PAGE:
Alexander Smirnov’s personal Weblog

May 28, 2009

JavaFX as JSF 2.0 VDL

Filed under: Java, Java server faces — Tags: , , — alexsmirnov @ 5:13 pm

JavaFX as JSF 2.0 view description language.

Preface

The JavaFX language has been developed for Rich Internet Applications. The project FAQ says:

“JavaFX is an expressive rich client platform for creating and delivering rich Internet experiences across all screens of your life. JavaFX 1.0 was released on December 4, 2008. As of February 1st, 2009, there had already been over 100,000 downloads of the tools and SDK. Today, JavaFX is available on over 50 million desktops.” In spite of that is really means applets or Java Web Start applications, I was a curious: Is that would be useful for web applications also ? Take look at the description from the OpenJFX compiler site:

What is JavaFX Script?

  1. automatic update (bind)

  2. list comprehensions (sequences)

  3. easy-to-use

  4. runs on JVM

  5. interacts smoothly with Java

  6. easy natural object graph creation (object literals)

  7. graphics centric

  8. single threaded

  9. focused on small to medium scale applications

  10. curly-brace language

Ok, take a look for these features :

  1. Bind. This is most attractive for me as capability for the JSF Ajax . Instead of manual definition for ‘dirty’ parts of page; as it implemented in the RichFaces, JSF 2.0 and some other projects, or analyzing differences in the rendered HTML code as the IceFaces project does, application can update these parts of page only where model values was changed. That would simplify application development on the same way as for Swing.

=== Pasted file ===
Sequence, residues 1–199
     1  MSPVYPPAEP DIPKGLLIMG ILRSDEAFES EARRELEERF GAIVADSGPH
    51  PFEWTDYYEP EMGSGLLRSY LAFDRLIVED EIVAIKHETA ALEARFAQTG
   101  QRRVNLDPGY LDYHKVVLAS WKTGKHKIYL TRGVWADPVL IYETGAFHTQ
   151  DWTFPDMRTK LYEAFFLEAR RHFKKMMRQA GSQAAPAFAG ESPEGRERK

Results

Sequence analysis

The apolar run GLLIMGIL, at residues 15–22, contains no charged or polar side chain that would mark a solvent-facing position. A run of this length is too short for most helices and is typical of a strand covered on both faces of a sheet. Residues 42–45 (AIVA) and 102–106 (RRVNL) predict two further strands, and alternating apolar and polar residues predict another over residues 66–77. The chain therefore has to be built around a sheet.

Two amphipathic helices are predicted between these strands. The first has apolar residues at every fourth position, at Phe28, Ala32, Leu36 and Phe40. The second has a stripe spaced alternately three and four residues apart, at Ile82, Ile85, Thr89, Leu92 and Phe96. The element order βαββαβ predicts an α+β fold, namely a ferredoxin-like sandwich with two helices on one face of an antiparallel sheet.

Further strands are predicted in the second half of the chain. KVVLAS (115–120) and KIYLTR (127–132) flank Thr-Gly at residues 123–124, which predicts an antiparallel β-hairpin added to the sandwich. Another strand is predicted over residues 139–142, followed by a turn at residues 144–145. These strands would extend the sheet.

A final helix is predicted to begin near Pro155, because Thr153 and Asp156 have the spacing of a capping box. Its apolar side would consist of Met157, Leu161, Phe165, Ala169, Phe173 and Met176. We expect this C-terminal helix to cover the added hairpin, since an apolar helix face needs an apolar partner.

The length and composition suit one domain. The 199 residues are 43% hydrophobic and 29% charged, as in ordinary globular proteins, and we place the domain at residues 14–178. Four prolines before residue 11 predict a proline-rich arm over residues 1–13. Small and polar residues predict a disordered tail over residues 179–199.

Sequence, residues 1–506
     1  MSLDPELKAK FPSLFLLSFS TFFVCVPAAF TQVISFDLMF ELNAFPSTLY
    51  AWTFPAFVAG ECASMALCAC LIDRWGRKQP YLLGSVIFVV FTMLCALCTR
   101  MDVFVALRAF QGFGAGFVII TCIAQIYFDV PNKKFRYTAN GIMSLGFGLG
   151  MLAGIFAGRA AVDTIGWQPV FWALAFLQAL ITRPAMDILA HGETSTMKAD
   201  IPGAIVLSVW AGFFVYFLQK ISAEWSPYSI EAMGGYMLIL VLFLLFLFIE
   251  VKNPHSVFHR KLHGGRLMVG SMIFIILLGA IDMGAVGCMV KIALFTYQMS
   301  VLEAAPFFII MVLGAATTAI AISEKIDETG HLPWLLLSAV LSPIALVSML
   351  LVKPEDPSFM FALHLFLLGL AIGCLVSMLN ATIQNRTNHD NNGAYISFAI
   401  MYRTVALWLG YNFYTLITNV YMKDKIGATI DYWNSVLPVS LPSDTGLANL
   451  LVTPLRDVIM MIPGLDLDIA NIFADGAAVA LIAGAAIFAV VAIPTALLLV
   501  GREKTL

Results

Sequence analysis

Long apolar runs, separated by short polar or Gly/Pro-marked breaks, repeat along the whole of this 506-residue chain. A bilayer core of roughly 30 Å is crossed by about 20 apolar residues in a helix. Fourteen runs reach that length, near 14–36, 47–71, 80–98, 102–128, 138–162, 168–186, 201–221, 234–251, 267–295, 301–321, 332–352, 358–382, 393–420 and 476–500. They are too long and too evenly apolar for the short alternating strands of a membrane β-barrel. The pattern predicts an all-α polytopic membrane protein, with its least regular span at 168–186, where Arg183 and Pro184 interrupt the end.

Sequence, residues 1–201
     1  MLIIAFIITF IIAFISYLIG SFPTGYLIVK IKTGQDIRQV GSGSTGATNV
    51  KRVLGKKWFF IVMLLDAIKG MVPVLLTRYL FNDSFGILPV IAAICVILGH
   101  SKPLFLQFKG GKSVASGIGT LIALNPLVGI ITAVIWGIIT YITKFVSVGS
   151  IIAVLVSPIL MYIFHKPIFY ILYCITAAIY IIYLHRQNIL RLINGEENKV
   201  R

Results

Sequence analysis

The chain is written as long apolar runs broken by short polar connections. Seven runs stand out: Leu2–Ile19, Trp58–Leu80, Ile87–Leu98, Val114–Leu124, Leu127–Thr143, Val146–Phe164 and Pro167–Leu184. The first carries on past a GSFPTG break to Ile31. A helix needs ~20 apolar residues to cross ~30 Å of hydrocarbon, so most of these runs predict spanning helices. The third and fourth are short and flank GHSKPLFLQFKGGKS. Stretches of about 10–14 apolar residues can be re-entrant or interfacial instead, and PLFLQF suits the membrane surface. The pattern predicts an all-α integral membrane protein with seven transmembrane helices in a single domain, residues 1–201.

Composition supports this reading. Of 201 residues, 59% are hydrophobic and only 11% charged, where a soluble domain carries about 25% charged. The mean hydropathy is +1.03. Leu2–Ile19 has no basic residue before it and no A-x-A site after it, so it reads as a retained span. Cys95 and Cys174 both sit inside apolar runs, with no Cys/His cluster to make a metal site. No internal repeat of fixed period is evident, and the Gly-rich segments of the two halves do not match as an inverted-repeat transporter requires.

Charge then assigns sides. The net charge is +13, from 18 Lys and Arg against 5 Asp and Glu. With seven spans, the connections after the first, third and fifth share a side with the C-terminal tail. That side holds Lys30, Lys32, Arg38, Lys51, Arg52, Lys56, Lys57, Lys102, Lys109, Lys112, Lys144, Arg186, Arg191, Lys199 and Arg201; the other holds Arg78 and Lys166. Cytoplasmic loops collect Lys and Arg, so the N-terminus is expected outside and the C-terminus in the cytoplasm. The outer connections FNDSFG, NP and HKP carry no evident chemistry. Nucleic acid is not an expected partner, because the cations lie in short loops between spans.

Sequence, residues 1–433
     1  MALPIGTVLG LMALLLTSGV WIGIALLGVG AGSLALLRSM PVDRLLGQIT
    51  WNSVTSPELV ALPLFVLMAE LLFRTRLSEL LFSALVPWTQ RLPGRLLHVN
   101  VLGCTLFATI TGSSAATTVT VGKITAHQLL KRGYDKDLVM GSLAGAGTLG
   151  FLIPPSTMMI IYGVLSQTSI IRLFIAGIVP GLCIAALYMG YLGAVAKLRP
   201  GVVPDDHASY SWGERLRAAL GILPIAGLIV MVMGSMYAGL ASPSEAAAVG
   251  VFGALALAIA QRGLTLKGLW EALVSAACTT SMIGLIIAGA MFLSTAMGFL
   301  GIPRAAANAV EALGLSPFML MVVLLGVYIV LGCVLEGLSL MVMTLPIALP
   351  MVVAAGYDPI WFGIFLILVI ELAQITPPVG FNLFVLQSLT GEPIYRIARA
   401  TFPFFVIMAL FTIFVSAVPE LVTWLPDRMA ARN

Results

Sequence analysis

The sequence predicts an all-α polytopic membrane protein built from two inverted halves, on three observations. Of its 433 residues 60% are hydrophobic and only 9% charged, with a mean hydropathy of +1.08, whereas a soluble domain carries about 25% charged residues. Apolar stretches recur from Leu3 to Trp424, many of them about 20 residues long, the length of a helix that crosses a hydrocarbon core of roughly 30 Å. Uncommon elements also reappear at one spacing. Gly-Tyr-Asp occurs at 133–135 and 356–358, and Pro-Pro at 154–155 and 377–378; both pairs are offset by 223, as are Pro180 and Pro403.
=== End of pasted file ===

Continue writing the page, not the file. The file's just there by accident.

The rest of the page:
2. Not sure how is that applicable for a web application.

  3. That is always necessary.

  4. I.e. in the same environment as JSF works.

  5. Good for JSF/JEE applications too.

  6. Very attractive for JSF application because of the tree-like view structure.

  7. Not web advantage.

  8. That doesn’t mean real single threaded implementation, I guess, because JavaFX GUI is based on Swing which uses threads, but hides thread manipulation from the application developer. It would be funny for web applications if we could put discrete requests processing behind developer’s concern.

  9. Really, that is a main target for JSF applications too.

  10. Not sure about that.

So, at least seven from ten JavaFX features are applicable to JSF Web. But additional advantages are pure object-oriented language, type safety …

Implementation idea

The one of the new JSF features is pluggable View Declaration Language. Chapter 7.6 of the Java Server Faces Specification says:”A View Declaration Language (VDL) is a syntax used to declare user interfaces comprised of instances of JSF UIComponents.”. The simplest way to integrate JavaFX with JSF is ViewDeclarationLanguage implementation that creates tree of JSF UIComponents from the JavaFX script. For example, if user requests page “ http://foo.com/bar/baz.fx” that implementation should execute “/bar/baz.fx” script from the web application content or load and execute pre-compiled “bar.baz” class. The script should create the tree of JSF UIComponents in the same way as any other JSF VDL does. Really, in the research prototype VDL implementation expects instance of the special “ JavaFXHandler” interface that creates UIComponent instances in the “ apply” method. That simplifies script content and allows to cache results between requests. Therefore, a simple JavaFX page would seem like this ( that is part of JSF 2.0 version of the guess number example page ):